Vietnam Purchasing Managers Index (PMI) by S&P Global fell to 45.3 in May from 46.7 in April, which signaled the third consecutive month of decline in business conditions.
Moreover, this decrease in the health of the manufacturing industry is the most significant since September 2021.
There were multiple reports of weak demand from customers in the latest survey. The effect of this can be felt most clearly with the number of new orders as the index has fallen rapidly at the largest rate in 20 months.
Difficulties in maintaining revenue were also recorded in export markets, as new orders from abroad fell for the third consecutive month.
Andrew Harker, chief economist at S&P Global Market Intelligence, commented that “The sharp drop in new orders in May is a cause for concern that Vietnam's manufacturing industry may experience a prolonged recession, not just a temporary phase of decline.”
Companies have responded by reducing both output, employment and purchasing activity, he added.
The weakness in demand continued to weigh on business confidence, as the index fell for a third straight month, becoming its weakest since November last year.
Any remaining optimism is often based on hopes that the manufacturing recovery will take place in the coming months.
Mr. Andrew Harker said that the upcoming data will play an important role in giving any signal of improvement.
PMI survey results show that more companies reduce the number of employees due to reduced workload. This, plus a number of voluntary layoffs, led to a further decline in employment in May, although the magnitude of the decline was milder than in the previous survey.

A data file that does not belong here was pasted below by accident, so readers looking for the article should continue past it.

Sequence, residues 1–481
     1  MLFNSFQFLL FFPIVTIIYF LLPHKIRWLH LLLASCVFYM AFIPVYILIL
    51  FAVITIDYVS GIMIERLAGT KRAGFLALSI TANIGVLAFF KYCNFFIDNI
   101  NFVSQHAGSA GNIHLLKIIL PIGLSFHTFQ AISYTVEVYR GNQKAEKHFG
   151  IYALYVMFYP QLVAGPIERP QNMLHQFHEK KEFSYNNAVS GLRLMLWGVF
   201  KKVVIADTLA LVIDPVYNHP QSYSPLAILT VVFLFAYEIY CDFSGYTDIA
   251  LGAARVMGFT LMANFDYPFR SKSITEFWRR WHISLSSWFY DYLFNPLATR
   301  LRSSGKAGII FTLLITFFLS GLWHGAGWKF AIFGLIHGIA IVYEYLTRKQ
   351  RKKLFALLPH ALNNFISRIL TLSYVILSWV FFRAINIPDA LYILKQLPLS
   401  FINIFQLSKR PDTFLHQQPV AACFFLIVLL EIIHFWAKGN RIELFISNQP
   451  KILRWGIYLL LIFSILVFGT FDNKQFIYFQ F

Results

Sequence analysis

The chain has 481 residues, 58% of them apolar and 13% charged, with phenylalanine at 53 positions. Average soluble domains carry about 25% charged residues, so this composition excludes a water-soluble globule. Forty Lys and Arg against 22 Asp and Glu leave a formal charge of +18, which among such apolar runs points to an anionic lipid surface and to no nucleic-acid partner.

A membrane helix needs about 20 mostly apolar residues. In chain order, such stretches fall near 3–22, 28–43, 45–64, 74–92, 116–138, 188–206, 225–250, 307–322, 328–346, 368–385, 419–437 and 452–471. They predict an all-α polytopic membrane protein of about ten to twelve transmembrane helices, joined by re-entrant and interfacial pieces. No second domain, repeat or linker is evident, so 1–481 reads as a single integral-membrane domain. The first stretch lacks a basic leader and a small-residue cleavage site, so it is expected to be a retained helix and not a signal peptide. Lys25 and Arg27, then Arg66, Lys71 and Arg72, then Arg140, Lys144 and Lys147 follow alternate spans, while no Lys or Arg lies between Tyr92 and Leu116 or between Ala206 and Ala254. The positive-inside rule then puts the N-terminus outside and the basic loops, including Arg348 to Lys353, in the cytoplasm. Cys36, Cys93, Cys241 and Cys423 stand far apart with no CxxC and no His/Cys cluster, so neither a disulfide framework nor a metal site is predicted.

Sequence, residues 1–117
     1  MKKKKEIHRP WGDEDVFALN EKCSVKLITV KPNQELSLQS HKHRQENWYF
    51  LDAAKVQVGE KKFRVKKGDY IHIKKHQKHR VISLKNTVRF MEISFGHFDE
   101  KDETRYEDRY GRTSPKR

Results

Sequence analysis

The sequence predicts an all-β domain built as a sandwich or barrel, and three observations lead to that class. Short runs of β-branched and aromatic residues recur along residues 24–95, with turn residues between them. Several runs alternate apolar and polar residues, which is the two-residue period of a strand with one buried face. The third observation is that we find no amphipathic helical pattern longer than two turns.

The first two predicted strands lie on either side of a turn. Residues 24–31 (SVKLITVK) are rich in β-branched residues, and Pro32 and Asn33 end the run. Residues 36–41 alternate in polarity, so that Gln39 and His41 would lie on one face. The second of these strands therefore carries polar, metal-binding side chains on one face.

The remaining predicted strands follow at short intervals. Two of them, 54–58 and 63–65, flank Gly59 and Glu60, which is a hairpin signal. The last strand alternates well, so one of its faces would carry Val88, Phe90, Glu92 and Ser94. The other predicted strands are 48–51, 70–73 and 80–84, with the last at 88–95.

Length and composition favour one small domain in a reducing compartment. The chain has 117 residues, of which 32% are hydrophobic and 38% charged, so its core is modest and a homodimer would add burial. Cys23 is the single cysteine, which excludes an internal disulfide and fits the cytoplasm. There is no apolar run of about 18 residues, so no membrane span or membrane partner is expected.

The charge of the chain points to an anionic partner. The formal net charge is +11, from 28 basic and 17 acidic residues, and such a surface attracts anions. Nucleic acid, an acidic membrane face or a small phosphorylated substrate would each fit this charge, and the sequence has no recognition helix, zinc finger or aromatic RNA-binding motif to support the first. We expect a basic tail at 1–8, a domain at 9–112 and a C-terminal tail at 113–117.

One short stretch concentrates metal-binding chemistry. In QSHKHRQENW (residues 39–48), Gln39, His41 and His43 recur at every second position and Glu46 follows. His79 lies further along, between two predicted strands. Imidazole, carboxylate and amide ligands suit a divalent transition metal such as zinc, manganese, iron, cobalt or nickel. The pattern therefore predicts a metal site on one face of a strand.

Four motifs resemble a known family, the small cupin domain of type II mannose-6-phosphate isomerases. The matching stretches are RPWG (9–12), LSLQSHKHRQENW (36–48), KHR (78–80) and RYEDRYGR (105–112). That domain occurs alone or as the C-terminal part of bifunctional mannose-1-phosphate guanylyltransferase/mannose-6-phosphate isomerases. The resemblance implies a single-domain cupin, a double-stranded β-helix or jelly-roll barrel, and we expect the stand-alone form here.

Manufacturers have reduced purchasing activity at a significant rate, thereby extending the current reduction period to three months. Inventories of purchased goods also fell, and the magnitude of the decline was the largest in nearly two years.
Inventories of finished goods also fell, as companies adjusted production to accommodate a drop in new orders. This is the first drop in three months.
Weak demand also causes suppliers to cut prices. As a result, input costs fell for the first time in three years. Falling input prices have made it easier for companies to lower their selling prices in an effort to boost demand. Selling prices fell for the second consecutive month, and the rate of decline was almost the same as the previous survey period.
Source: S&P Global, theleader
Compiled by VietnamCredit